“People often ask me how it is that I seem to be so much at peace. There is a primary reason — and it is available to all who wish to have it. Here’s a simple prerequisite to attaining peace at that level. I invite you to observe the beasts, birds and fish and let them teach you. Let this be a daily routine and life, as you know it, will never be the same.”
– Eddie Bo

Wednesday, January 7, 2015

Day 7 - Carpinteria Birding, and a milestone?

Today I set out for Carpinteria, the eastern edge of Santa Barbara County coastline.  My primary goal was to see 2 returning rarities, the Gray Hawk and the Prairie Warbler.  There were also plenty of other species in the area that would be nice to add to the year's list.  The forecast was for warmth, and the day did not disappoint in that way.  By the time I arrived at the "Gray Hawk Stakeout" it was plenty warm.

Perhaps too warm, for after an hour of searching I could find neither the Gray Hawk nor the Prairie Warbler.  I was hot and frustrated, so I did what any sane person would do - I pedaled to the Cajun Kitchen and had lunch.

Along the way I peeked through the fence at the "pond" (as in "See-ment" pond) next to Kim's Market.  This has to rank right up there with least scenic birding spots in Santa Barbara County, now even less attractive as it is presently adjacent to an active construction site.  Nonetheless, there were Green-winged Teal and Ring-necked Ducks present, and the year's list grew by two species.

The "pond" next to Kim's Market, Carpinteria

After lunch, I stopped by the nearby Carpinteria Salt Marsh.  The tide was a little low, but there were still a few birds present I had yet to see this year.  The best of these were 2 pairs of Blue-winged Teal.  While not exactly rare, they are not exactly all over the place either, so it was nice to have them "in the bag" so to speak.  I also added Marsh Wren, Least and Spotted Sandpipers.

Blue-winged Teal, Carpinteria Salt Marsh

Pied-billed Grebe, Carpinteria Salt Marsh

I then proceeded back to the "Gray Hawk Stakeout" and made a circuit looking for said hawk.  No luck.  I returned to the area frequented by the Prairie Warbler.  I searched for another half an hour.  One thing about this spot - although it is next to the beach, it is also next to the freeway and train tracks, with a busy frontage road and lots of semi-truck traffic to boot.  So loud I could not hear myself think, much less the little "chip" of a Warbler.  I am wondering why the hell a bird would choose to live here anyway?  Oh yeah, then there was also the guy trimming some branches in the middle of the patch typically frequented by the warbler - that helped, I am sure.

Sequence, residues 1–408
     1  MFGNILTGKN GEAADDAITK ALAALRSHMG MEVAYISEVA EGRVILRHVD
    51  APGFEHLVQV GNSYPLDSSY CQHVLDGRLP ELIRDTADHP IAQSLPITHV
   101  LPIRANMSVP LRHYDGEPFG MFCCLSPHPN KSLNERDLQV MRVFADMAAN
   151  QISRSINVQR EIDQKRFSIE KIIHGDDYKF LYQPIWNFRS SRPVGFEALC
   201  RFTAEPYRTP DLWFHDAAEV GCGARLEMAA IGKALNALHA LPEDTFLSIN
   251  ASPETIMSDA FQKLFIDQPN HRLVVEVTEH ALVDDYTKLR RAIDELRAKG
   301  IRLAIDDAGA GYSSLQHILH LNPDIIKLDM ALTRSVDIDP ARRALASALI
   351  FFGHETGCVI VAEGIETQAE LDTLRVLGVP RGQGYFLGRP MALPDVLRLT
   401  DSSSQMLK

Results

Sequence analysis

Frustration level rising, and trying to get a little distance from all the noise, I stepped across the train tracks and began searching the thin row of trees between the tracks and the beach.  Bingo!  Beautiful bright yellow warbler, black striping on the sides, and a brownish mask.  This bird seemed to me brighter than the Prairie Warbler I saw here last winter.  Alas, it was quite shy and I was unable to get a photo.

Spirits rising, I cruised around for another half hour searching for the Gray Hawk, but no luck with that - 1 for 2 on the rarities today.  I will no doubt be back to visit with the Gray Hawk.  In addition to the Warbler, I added Lincoln's Sparrow and American Kestrel.

On the way home, I was passing the beach near the Mission Creek outflow when suddenly all the Gulls and Waterfowl took flight.  When you see this it is always wise to look up, for the birds are often reacting to an overhead predator.  That was the case, as a Peregrine Falcon made a loop for two overhead.  Add that to the list!

Last stop of the day, the breakwater at the Santa Barbara Harbor.  It looked like a nice sunset was developing, so why not?  In addition to a flyby Caspian Tern, there was a most cooperative Osprey perched at the end of the breakwater.  Two more species, for a total of twelve today!  What started as a slow day turned out pretty well, with a fantastic sunset to finish things off.  I imagine there will be few more days this year adding this many species to the list.

Osprey, Santa Barbara Harbor

Goodbye Sun

With the addition of today's 12 species, the year's total stands at 138.  This may be a milestone!  In April 2012 local birders Jared Dawson and Wim Van Dam undertook big day walking and biking, ending up with 126 species.  I have just surpassed that mark (only took 6 days!).  At this time I know of no other larger Green Birding tallies for Santa Barbara County.  If anyone has other Green Birding tallies to share, please let me know!

Today I rode 37.2 miles

More later,

1 comment:

  1. Yeah man that sunset was nice. I could see it developing from my office in T.O. and couldn't do anything about it. At least you and a few people got it. I've never seen the Gray Hawk either after 10+ tries.